Watch Resposible Borrowing Video from FASFAThe U.S. Department of Education awards about $150 billion a year in grants, work-study funds and low-interest loans to more than 15 million students. Federal student aid covers expenses such as tuition and fees, room and board, books and supplies, and transportation. Aid can also help pay for other related expenses, such as a computer and dependent care. Thousands of schools across the country participate in federal student aid programs.

If you qualify for and receive a federal grant, you won't have to repay the money.  This will definitely help offset the cost of school, but you may still need additional help. If so, a federal student loan may be your answer. Remember, a student loan is just like any other loan. It is borrowed money that will have to be repaid with interest.

If you decide to borrow loans, use the resources below for more information.


Understanding the repayment process for your federal student loans can go a long way toward building a solid financial foundation.

Remember, federal student loans are real loans (just like car loans or mortgages). You must repay a student loan, even if your financial circumstances become difficult. There are many repayment options to consider for repaying your federal student loans. You can change your repayment plan at any time. Use the repayment estimator to see what plans you qualify for. Contact your loan servicer to further discuss which plan is right for you.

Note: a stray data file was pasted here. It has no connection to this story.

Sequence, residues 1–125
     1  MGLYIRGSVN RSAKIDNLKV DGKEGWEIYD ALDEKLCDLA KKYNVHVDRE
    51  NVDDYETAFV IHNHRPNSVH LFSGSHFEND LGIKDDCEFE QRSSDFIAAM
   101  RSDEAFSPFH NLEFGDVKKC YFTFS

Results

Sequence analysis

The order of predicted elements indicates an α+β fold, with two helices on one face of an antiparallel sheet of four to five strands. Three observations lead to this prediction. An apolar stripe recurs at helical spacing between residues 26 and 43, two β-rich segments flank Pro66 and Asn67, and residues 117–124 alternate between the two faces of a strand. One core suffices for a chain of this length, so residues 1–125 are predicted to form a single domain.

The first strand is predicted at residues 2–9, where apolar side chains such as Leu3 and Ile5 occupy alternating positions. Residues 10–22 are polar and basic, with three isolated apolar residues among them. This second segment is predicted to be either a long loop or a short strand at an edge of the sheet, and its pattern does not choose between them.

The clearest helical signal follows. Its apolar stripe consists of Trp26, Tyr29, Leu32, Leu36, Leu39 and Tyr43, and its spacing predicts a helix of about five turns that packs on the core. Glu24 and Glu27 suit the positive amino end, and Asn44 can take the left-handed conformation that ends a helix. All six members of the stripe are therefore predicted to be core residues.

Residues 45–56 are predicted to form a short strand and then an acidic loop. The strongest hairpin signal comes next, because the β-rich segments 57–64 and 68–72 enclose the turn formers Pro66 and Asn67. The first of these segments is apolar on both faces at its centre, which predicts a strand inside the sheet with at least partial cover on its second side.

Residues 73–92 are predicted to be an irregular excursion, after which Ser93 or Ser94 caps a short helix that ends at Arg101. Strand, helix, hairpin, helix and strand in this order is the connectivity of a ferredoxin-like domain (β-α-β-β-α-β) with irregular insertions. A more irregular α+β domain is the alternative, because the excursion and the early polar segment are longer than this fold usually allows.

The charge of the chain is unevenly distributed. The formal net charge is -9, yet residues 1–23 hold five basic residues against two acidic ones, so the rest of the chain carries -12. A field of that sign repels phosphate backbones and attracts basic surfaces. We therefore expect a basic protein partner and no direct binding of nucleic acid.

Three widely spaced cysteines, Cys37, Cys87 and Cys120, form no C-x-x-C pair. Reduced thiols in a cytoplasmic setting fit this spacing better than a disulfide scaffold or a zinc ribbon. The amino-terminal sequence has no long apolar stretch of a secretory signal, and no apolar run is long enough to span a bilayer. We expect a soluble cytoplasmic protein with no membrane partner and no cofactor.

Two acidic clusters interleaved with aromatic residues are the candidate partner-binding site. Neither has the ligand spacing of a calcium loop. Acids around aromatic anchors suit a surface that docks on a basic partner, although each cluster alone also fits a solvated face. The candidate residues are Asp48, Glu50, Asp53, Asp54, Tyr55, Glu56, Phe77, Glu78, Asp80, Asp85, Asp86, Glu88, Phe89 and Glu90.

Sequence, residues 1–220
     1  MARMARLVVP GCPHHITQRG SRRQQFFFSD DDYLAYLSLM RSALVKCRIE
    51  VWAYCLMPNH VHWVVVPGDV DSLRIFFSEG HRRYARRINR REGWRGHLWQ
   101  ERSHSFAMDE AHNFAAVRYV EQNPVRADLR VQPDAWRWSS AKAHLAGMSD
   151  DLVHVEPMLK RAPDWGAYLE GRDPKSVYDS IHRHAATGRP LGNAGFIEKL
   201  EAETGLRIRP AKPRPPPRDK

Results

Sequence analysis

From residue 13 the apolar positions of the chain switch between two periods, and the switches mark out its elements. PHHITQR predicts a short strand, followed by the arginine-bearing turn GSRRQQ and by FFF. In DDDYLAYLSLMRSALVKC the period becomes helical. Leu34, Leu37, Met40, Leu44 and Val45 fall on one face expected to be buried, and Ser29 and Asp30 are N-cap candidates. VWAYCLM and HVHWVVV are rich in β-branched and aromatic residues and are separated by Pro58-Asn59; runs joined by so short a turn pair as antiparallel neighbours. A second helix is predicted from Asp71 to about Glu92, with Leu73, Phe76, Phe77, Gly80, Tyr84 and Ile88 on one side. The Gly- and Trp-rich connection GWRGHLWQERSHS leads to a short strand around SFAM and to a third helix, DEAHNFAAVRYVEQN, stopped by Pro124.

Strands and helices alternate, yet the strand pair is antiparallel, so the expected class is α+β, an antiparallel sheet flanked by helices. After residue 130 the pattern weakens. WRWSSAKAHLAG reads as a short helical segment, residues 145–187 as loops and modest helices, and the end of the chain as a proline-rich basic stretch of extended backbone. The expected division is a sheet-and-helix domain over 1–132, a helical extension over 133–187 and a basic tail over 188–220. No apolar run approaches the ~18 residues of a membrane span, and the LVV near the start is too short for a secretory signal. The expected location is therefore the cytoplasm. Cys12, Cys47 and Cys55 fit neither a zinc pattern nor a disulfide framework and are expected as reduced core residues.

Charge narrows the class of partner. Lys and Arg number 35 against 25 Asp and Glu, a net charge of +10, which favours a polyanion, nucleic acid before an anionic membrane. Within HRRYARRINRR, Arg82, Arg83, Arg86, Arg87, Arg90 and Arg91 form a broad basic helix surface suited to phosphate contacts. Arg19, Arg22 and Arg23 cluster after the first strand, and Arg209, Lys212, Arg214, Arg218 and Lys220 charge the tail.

Your Servicer is Your Friend

If you know who you owe, great! Contact your servicer any time your personal information changes, you want to change your repayment plan or you have come upon financial hardship and paying your loans is no longer feasible.

The Four Main Servicers Are:
fedloan servicing logo Navient Loans Logo Great Lakes Logo Nelnet Edication Planning and Financing Logo

Helpful Links

Finacial Tip of the Month
Frequently Asked Questions
Glossary of Terms

TGTM Learning Management

GCU has partnered with TGTM Texas Guaranteed Student Loan Corporation where you can create an account and complete financial literacy modules including: Setting Goals, Credit Basics and Monitoring Spending.

Click here to learn more


Watch How to Create A Budget Video
When you leave school, you'll want to update your budget to include student loan payments, as well as your new income and living costs. Budgeting will help you build decision-making skills and reach your financial and academic goals.

Sample Budgeting Worksheet

Know Who You Owe

Through the National Student Loan Data System (NSLDS), you can view information on federal grants and loans you've received over the course of your higher education. Specific to federal student loans, it gives you current information about what you owe, including outstanding balances, as well as information about loan status, disbursements and servicers.